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Animated Map: U.S. Presidential Voting History by State (1976-2016)

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View the static maps from this animation.

U.S. Presidential Voting History by State
U.S. Presidential Voting History by State

U.S. Presidential Voting History by State

As Americans go to cast their votes, considerable uncertainty remains about which candidate will be elected president. However, history can provide some clues as to how voters may act.

While some states have consistently seen Democrat or Republican victories, other “swing states” have flipped between the two parties depending on the year.

In this graphic, we use data from the MIT Election Data and Science Lab to show U.S. presidential voting history by state since 1976.

Each State’s Winning Party

To calculate the winning ratio, we divided the votes for the state’s winning party by the total number of state votes. Here’s another look at the same data, visualized in a different way.

U.S. Presidential Voting History by State

This graphic was inspired by this Reddit post.

As the voting history shows, some states—such as Alaska, Oklahoma, and Wyoming—have consistently supported the Republican Party. On the other hand, Hawaii, Minnesota, and the District of Columbia have been Democrat strongholds for many decades.

The District of Columbia (D.C.) is a federal district, and is not part of any U.S. State. Its population is urban and has a large percentage of Black and college-educated citizens, all of which are groups that tend to identify as Democrat.

Swing states typically see a close contest between Democrats and Republicans. For example, Florida’s average margin of victory for presidential candidates has been just 2.6% since 1996, by far the lowest of any state. It’s often seen as a key battleground, and for good reason: the candidate who wins Florida has won every election since 1964.

Memorable Election Years

Within U.S. Presidential voting history, some election results stand out more than others. In 1984, President Reagan was re-elected in a landslide victory, winning 49 out of 50 states. The remarkable win has been credited to the economic recovery during Reagan’s first term, Reagan’s charisma, and voters’ opposition to the Democrat’s planned tax increases.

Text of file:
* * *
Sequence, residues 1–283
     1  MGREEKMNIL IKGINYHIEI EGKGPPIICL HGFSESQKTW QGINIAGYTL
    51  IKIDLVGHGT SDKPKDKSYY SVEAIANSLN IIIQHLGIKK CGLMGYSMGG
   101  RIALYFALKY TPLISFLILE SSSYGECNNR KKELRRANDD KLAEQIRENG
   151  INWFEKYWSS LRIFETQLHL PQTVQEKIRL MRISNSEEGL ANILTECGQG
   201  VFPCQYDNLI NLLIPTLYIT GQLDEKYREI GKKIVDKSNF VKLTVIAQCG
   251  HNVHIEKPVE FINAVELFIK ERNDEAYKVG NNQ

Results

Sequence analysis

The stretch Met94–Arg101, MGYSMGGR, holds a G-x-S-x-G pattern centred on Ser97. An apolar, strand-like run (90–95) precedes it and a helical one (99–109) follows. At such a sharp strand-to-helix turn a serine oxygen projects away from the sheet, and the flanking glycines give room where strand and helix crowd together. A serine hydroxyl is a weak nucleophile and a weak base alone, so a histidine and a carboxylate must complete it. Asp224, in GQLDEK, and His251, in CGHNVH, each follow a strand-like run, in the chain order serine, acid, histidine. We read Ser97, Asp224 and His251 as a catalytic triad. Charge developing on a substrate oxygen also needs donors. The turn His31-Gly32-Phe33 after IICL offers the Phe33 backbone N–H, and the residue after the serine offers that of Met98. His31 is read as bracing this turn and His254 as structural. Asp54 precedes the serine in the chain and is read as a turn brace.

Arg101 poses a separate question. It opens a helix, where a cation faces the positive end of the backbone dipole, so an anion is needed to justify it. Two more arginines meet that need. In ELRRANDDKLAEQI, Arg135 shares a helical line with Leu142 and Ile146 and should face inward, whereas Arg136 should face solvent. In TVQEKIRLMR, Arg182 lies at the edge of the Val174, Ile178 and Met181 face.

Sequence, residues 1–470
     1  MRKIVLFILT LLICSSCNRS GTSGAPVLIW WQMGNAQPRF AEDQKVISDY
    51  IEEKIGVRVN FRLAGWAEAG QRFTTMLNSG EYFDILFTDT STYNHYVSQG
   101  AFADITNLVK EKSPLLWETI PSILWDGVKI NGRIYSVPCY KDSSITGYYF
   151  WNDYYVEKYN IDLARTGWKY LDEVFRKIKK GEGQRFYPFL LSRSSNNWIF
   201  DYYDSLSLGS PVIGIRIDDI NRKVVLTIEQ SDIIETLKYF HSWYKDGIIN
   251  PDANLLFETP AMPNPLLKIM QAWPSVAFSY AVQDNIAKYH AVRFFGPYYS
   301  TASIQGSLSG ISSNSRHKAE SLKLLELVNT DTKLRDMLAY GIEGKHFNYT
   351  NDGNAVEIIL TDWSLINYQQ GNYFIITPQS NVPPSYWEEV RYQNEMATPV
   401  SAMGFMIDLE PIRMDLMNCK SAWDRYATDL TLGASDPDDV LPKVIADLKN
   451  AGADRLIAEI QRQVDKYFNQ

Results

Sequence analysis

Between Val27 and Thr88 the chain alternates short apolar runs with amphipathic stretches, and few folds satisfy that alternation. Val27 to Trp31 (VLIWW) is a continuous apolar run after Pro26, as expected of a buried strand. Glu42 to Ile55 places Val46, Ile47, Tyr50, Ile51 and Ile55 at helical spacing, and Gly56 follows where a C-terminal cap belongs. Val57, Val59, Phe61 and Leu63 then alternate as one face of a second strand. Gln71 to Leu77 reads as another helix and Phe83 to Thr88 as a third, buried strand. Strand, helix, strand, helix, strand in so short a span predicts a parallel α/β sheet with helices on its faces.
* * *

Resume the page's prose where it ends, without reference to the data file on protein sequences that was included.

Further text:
In 1992, self-made Texas billionaire Ross Perot ran as a third-party candidate. He captured almost 19% of the popular vote, the highest percentage of any third-party presidential candidate in over 80 years. While he gained support from those looking for a change from traditional party politics, Bill Clinton ultimately went on to win the election.

Most recently, the 2016 election took many people by surprise. Despite having a strong lead in the polls, Hillary Clinton was defeated by Donald Trump. A total of 30 states saw Republican victories, eager for change after eight years of Democrat leadership.

A Look Ahead

Is it possible to predict the 2020 presidential election? As the last election showed, polls are not a perfect measure. They represent a snapshot in time, may overrepresent certain population groups, and measure voter attitudes rather than behaviors, among other factors.

While there’s no crystal ball, swing states may offer the most insight as to where things are heading. Here are nine states that have been identified as battlegrounds, and how they voted in the 2016 election.

 2016 Winning Ratio2016 Margin of Victory
Arizona48.7% Republican3.6%
Florida49.0% Republican1.2%
Georgia50.8% Republican5.2%
Iowa51.2% Republican9.4%
Michigan47.5% Republican0.2%
North Carolina49.8% Republican3.6%
Ohio51.7% Republican8.1%
Pennsylvania48.9% Republican0.7%
Wisconsin47.2% Republican0.7%

All saw Republican victories, but six out of nine states won by a margin of less than 5%. Trump and Biden’s success in these states may well determine the outcome of the 2020 election.

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Politics

Decoding U.S. Election Day in 9 Key Charts

Buckle up your seatbelts—we look at 9 key data-driven charts to get you prepped for this consequential day in U.S. election history.

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After a tumultuous election cycle, the time has come at last for Americans to cast their ballots.

Media coverage has reached a fever pitch, and keeping up with the news cycle can be daunting for anyone. To keep the voting public and interested onlookers informed, we’ve compiled nine key charts that can help in answering key questions that people will have today: